Festivus is a secular holiday celebrated on 23 December as a way to celebrate the holiday season without participating in its pressures and commercialism. It was created by writer Dan O'Keefe and introduced into popular culture by his son Daniel, a screenwriter for the 166th episode of Seinfeld, The Strike (18 December 1997).
- Alphabetized by author
- In the 13 years since Festivus was introduced on an episode of "Seinfeld," the made-up Dec. 23 "holiday for the rest of us" has moved well beyond the confines of American TV reruns to become globally recognized.
While mostly noted today among Americans, Festivus was also inspiring a number of tweets from around the world and for much of the day was a top 10 most-tweeted phrase among tweeters worldwide.
- He was interested in ceremony, ritual, magic and religion … He wanted a holiday mostly that wasn't political or religious in nature, but based on family. … It was very different from the TV holiday … We streamlined it for laughs. … In reality it could happen any damn time of the year, and that's what made it so terrifying.
- Dan O'Keefe, on his father Daniel O'Keefe's invention of Festivus in "Our day, our way" by Jan Uebelherr in Milwaukee Journal Sentinel (24 October 2005)
- Actually I didn't want to put it on TV. It was sort of a family disgrace, and then my younger brother let it slip that this went on, so the other writers and Jerry said, yeah, "we'd like to give this to America." I said I don't think America wants it at all or should have it, but they prevailed upon me and now the chicken's have come home to roost. … The real symbol of the holiday was a clock my dad put in a bag and nailed to the wall every year … I don't know why, I don't know what it means, he would never tell me. He would always say, "That's not for you to know." So I honestly don’t know what it signifies.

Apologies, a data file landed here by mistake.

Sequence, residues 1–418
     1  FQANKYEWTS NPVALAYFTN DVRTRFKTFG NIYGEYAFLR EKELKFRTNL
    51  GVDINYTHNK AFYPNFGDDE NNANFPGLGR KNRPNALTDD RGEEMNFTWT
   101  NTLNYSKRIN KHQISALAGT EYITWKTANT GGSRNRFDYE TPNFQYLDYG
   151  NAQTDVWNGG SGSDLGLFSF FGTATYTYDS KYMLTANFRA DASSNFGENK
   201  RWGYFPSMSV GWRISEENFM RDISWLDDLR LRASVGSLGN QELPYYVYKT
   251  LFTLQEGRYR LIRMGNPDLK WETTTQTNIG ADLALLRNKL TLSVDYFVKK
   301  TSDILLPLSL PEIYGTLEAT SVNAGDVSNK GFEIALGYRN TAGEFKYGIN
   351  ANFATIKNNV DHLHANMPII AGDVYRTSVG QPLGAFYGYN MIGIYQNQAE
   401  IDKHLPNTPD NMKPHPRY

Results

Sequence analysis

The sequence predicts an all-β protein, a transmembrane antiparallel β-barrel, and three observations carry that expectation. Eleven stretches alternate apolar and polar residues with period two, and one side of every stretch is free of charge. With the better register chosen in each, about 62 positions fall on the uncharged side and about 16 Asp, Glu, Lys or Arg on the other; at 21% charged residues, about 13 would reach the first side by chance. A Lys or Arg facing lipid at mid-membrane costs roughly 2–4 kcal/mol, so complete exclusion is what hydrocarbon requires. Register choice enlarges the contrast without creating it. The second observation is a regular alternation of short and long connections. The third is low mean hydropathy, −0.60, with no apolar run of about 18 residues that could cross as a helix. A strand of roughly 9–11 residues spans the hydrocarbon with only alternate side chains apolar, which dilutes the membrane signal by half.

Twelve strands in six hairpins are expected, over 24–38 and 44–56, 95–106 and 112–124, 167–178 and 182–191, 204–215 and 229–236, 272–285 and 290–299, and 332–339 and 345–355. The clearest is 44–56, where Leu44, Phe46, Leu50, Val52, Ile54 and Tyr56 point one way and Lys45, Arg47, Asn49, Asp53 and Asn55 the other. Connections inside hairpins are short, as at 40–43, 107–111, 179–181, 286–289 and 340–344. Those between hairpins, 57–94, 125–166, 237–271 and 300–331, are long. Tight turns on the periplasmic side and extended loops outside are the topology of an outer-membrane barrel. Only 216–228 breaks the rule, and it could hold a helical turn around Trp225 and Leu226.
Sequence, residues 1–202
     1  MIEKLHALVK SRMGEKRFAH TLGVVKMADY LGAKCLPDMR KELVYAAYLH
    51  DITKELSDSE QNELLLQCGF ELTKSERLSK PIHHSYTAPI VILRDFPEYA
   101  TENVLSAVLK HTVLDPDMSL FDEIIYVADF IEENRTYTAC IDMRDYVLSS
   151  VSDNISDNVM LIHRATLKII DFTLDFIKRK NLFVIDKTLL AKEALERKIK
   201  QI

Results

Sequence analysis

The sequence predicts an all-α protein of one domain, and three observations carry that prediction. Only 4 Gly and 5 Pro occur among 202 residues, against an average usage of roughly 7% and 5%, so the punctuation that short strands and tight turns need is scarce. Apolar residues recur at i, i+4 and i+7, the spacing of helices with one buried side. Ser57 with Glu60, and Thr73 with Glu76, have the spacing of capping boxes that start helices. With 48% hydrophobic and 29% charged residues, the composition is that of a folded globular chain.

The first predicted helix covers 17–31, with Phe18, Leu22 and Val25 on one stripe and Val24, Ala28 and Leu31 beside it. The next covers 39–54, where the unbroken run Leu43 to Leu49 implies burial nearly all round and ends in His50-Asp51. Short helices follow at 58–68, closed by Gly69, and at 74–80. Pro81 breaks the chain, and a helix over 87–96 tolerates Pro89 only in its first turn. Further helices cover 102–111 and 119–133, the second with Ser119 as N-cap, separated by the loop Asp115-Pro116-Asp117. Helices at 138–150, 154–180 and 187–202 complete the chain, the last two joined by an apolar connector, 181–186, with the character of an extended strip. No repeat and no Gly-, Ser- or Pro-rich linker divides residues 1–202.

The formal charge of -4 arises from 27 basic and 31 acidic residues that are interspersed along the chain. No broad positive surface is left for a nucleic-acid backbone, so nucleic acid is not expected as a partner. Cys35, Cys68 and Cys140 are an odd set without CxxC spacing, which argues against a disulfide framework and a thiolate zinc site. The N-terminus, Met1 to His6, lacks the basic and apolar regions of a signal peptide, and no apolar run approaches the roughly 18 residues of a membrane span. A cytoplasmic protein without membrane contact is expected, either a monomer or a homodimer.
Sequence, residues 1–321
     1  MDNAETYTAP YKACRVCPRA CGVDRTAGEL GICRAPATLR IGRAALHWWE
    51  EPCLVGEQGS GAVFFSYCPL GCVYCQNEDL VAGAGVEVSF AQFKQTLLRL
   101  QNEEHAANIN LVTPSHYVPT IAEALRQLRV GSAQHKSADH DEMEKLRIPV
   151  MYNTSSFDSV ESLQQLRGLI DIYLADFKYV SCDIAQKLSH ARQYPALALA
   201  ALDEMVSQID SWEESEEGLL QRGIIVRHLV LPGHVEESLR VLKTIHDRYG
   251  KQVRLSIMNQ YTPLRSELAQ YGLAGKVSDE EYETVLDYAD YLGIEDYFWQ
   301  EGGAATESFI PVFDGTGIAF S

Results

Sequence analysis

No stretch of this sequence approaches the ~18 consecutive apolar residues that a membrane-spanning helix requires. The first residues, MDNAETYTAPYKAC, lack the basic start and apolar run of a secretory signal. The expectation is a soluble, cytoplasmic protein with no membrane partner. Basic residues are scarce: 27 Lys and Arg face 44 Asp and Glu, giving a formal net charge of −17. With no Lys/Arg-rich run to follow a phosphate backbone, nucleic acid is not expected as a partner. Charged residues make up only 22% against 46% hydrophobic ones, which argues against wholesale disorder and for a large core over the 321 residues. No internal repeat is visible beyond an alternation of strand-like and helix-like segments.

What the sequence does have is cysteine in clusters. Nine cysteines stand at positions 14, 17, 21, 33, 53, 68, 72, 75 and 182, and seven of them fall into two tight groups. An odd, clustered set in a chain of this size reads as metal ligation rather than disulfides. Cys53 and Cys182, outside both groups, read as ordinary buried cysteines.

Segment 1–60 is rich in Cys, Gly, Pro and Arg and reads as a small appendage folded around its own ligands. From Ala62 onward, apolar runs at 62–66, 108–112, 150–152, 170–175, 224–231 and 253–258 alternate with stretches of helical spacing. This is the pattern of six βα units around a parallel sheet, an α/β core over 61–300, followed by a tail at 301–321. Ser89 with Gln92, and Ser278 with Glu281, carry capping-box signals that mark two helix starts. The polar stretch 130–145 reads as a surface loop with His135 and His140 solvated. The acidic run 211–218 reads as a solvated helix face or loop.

- Dan O'Keefe, in an interview on "The Origins of Festivus" on New Day at CNN (23 December 2013)
- The actual inventor of Festivus is Dan O'Keefe, 76, whose son Daniel, a writer on "Seinfeld," appropriated a family tradition for the episode. The elder Mr. O'Keefe was stunned to hear that the holiday, which he minted in 1966, is catching on. "Have we accidentally invented a cult?" he wondered.
To postulate grandly, the rise of Festivus, a bare-bones affair in which even tinsel is forbidden, may mean that Americans are fed up with the commercialism of the December holidays and are yearning for something simpler.
- The holiday evolved during the 1970's, when the elder Mr. O'Keefe began doing research for his book "Stolen Lightning" (Vintage 1983), a work of sociology that explores the ways people use cults, astrology and the paranormal as a defense against social pressures.
Festivus, with classic rituals like familial gatherings, totemic-but-mysterious objects and respect for ancestors, slouched forth from this milieu. "In the background was Durkheim's Elementary Forms of Religious Life," Mr. O'Keefe recalled, "saying that religion is the unconscious projection of the group. And then the American philosopher Josiah Royce: religion is the worship of the beloved community."
If Mr. O'Keefe is the real father of Festivus, Jerry Stiller, the actor who played Frank Costanza, George Costanza's father, is its Santa Claus.
- Allen Salkin, in "Fooey to the World: Festivus Is Come" in The New York Times (19 December 2004)
- In the ancient days when gods played their own games, and had their own celebrations, tossing lightning bolts between mountaintops, hurling great boulders — Festivus came out of that. It's a holiday that celebrates being alive at a time when it was hard to be alive.